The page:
01 -15 June in Black History
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The intent of these pages is to bring attention to
missing and sometimes unknown
"facts" in history. If you have information to contribute email it to: firstname.lastname@example.org.
1833 - The
fourth national Black convention meets in Philadelphia, Pennsylvania with sixty-two
delegates from eight states. Abraham D. Shadd of Pennsylvania is elected president.
1854 - Two thousand United States troops escort celebrated fugitive slave, Anthony Burns through the streets of Boston.
1871 - Miles Vandehurst Lynk is born near Brownsville, Tennessee. A physician at 19, he founds the first African American medical journal, the "Medical and Surgical Observer," and will be one of the organizers of what will later become the National Medical Association.
1887 - Roland Hayes is born in Curryville, Tennessee. A noted concert artist, Hayes will be the first African American to give a concert in Boston's Symphony Hall. His career will take him throughout the U.S. and to London for a command performance before King George V.
1904 - Charles R. Drew, creator of the plasma method of blood preservation, is born in Washington, DC. He will receive the NAACP's Spingarn Medal for his contributions in 1944 and, in 1981, be posthumously honored by the U.S. Postal Service with a commemorative stamp.
1906 - Josephine Baker is born in St. Louis, Missouri. She will become a singer and entertainer. A chorus girl in the 1923 musical "Shuffle Along," she will travel to Paris, introduce "le jazz hot" in the show "La Revue Negre," and will cause a sensation with the Folies Bergeres when she performs topless on a mirror, wearing a rubber banana skirt. A World War II Red Cross volunteer, Baker will perform for the Allied troops and in the 1950's she will tour the U.S., fighting for desegregated theaters and restaurants.
1919 - Liberty Life Insurance Company in Chicago, Illinois, the first old-line legal reserve company organized by African Americans in the North, is incorporated.
1942 - Curtis Mayfield is born in Chattanooga, Tennessee and will be raised in Chicago, Illinois. He will become a singer, songwriter, and producer. He will be a member of the group The Impressions. He will write many hits for the group, Jerry Butler and himself. He will start a successful solo career in 1970. He will become paralyzed from the chest down in 1990 when a stage lighting tower falls on him. After recuperating, he will still continue to perform. He will join the ancestors on Sunday, December 26, 1999.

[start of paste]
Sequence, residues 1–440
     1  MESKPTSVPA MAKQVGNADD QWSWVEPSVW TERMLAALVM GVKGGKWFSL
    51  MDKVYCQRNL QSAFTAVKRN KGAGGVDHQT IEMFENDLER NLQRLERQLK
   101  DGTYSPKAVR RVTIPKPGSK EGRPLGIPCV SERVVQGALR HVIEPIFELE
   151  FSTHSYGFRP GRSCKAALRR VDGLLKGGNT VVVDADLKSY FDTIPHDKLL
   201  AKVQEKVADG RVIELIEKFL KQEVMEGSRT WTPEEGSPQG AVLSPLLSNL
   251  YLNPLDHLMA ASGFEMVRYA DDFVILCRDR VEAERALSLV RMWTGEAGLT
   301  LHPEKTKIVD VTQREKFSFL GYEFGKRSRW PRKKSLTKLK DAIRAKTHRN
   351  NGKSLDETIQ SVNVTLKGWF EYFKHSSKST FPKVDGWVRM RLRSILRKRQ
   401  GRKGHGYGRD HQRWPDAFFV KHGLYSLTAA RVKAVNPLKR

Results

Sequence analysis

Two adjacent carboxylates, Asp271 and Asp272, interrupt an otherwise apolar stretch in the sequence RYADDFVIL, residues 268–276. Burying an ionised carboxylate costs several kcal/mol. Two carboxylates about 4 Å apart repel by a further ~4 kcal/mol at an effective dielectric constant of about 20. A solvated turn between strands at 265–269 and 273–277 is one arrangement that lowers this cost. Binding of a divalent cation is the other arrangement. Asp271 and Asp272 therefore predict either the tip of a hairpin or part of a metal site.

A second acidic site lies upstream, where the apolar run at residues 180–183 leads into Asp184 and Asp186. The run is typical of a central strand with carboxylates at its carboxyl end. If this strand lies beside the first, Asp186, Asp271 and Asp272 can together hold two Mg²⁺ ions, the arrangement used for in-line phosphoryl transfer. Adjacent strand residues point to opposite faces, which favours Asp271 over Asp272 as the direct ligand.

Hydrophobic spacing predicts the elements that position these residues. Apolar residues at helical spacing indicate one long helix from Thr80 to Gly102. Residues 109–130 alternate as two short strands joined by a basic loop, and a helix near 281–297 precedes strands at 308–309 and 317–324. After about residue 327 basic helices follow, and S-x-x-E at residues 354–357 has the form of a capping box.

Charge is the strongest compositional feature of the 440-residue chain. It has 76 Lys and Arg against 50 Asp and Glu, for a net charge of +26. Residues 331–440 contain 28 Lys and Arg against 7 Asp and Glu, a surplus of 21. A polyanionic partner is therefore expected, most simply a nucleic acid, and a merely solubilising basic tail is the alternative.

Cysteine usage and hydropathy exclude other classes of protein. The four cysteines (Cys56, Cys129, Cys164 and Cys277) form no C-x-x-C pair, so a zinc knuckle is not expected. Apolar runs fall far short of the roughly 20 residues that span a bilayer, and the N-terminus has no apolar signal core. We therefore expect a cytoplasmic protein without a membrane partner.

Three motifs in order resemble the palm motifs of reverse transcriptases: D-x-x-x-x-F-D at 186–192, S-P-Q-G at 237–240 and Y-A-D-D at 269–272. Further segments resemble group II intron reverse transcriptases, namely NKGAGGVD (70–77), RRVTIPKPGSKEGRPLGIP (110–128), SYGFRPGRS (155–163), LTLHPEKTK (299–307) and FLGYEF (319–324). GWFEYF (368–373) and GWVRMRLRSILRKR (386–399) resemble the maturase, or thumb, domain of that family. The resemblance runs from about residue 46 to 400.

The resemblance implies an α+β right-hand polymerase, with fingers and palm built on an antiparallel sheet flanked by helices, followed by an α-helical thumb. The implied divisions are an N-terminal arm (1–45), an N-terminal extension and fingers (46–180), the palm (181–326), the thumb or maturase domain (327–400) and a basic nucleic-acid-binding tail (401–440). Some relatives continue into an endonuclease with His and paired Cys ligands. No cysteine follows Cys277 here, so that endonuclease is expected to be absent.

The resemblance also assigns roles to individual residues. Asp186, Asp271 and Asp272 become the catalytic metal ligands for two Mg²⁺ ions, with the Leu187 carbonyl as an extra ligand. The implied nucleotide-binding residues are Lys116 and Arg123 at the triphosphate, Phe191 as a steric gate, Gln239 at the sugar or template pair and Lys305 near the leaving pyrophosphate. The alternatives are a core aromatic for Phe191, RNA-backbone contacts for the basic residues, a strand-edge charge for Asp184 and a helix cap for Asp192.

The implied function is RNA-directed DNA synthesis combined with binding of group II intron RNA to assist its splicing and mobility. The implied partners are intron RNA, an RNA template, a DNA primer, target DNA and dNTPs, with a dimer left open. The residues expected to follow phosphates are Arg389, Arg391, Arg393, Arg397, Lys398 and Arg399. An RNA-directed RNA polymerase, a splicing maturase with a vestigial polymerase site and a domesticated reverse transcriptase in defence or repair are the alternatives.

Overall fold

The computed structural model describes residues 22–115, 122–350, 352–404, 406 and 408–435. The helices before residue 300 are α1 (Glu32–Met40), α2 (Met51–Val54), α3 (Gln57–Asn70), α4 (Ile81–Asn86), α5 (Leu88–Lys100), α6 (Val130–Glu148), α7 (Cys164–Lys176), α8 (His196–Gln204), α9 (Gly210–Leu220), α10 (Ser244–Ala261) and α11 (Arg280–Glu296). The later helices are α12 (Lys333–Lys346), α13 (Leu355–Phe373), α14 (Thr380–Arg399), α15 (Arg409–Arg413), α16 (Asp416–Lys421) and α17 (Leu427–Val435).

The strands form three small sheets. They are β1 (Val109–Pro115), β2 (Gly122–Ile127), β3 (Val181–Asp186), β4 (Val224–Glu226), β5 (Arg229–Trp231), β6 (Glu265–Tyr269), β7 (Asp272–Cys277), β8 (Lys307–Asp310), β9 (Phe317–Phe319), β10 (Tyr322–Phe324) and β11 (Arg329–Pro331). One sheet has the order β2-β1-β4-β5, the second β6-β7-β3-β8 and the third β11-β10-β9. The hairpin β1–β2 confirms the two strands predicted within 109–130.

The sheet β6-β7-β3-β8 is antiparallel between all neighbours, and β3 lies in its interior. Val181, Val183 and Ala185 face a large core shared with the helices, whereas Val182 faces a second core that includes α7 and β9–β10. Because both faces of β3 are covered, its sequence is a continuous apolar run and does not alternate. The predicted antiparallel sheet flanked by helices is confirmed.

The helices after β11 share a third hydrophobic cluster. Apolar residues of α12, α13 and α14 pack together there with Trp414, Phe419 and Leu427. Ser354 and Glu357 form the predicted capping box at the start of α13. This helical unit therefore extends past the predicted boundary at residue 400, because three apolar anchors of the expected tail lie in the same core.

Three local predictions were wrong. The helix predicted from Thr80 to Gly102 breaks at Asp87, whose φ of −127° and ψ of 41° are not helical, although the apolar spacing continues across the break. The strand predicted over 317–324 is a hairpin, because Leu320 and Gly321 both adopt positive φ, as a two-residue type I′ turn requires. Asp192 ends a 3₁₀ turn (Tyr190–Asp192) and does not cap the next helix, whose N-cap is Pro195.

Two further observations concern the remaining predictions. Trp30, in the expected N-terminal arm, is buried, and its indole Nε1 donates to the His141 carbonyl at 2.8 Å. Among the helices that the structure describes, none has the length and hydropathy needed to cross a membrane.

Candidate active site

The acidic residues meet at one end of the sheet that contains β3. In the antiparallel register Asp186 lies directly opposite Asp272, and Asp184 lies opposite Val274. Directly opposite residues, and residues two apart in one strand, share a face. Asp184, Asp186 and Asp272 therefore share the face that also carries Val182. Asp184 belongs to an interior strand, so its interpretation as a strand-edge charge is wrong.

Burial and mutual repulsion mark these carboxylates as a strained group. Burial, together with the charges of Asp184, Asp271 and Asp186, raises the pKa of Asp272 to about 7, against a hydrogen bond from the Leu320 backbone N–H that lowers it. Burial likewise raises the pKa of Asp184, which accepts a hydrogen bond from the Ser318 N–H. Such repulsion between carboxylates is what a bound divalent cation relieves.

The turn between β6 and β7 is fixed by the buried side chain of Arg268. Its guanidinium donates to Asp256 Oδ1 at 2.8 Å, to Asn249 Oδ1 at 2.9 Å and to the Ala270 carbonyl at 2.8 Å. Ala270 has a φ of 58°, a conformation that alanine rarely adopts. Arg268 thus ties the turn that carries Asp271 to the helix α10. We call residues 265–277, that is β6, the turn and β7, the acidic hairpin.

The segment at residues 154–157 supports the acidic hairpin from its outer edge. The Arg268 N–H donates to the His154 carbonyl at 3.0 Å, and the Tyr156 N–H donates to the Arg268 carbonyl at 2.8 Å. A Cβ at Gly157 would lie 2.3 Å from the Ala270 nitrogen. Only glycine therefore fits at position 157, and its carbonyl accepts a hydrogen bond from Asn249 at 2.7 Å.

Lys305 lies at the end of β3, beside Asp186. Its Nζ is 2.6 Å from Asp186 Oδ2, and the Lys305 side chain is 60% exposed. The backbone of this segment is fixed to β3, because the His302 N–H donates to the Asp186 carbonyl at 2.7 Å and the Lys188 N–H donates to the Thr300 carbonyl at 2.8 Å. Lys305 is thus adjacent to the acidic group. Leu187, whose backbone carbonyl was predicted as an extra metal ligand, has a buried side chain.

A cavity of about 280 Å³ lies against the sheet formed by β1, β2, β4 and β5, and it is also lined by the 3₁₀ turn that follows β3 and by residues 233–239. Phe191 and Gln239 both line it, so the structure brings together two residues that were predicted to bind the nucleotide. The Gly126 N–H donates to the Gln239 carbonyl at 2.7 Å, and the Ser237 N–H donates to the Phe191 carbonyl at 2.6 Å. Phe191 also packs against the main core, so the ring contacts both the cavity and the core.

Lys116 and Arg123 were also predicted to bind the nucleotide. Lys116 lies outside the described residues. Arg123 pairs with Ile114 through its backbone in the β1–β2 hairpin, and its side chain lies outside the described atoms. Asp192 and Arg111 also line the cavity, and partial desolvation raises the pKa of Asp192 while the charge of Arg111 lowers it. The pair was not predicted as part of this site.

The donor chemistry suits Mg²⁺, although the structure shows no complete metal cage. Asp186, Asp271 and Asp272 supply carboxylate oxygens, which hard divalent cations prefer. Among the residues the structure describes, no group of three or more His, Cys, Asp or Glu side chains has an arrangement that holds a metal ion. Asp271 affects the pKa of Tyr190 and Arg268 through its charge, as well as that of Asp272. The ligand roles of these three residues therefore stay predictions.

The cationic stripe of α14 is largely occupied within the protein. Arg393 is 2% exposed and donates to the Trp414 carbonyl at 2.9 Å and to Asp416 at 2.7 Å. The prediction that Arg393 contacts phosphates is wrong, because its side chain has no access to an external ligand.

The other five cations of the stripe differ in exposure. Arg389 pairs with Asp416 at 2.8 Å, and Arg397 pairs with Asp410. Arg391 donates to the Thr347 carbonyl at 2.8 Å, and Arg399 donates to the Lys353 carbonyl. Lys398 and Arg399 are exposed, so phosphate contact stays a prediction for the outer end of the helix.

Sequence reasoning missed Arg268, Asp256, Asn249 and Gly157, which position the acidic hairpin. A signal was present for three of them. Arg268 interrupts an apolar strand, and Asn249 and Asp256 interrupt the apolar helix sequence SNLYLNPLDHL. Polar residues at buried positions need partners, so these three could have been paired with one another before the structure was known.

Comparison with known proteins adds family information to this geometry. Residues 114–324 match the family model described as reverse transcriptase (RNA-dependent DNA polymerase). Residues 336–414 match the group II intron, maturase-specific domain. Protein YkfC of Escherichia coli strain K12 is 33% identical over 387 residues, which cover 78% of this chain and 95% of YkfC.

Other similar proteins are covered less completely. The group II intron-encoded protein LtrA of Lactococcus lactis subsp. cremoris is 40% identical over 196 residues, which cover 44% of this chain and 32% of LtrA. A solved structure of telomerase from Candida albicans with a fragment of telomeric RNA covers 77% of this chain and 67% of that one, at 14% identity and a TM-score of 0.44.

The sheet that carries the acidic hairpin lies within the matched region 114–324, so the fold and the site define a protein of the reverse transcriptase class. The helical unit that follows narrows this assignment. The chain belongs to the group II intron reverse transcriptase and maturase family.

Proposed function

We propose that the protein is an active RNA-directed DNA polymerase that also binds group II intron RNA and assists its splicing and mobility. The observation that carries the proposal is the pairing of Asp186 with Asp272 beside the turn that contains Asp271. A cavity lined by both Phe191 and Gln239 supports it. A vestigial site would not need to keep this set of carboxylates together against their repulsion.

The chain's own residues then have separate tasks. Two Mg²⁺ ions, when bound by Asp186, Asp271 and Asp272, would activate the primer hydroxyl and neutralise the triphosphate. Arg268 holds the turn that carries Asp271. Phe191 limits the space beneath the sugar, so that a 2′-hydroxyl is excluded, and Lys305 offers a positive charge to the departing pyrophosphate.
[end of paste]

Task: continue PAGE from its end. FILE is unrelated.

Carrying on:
1946 - In its "Morgan vs. Commonwealth of Virginia" ruling, the U.S. Supreme Court bars segregation in interstate bus travel.
1949 - Wesley Anthony Brown becomes the first African American to graduate from the U.S. Naval Academy.
1951 - Deniece Chandler is born in Gary, Indiana. She will become a singer and will be known as Deniece Williams. She will get her first break as a member of Stevie Wonder's backup group Wonderlove during 1972-75. She will grow into a successful solo career in both secular and gospel music.
1997 - Harvey Johnson, who defeats the incumbent mayor in the Democratic Primary, is elected Jackson, Mississippi's first African American mayor, defeating the Republican candidate by more than two-to-one. Johnson, an urban planner and former state tax commissioner, was making his second run to head the city of about 200,000. He upset incumbent Kane Ditto to earn the right to face GOP businesswoman Charlotte Reeves in the general election.
Updated by K. Ferguson Kelly: May 26, 2003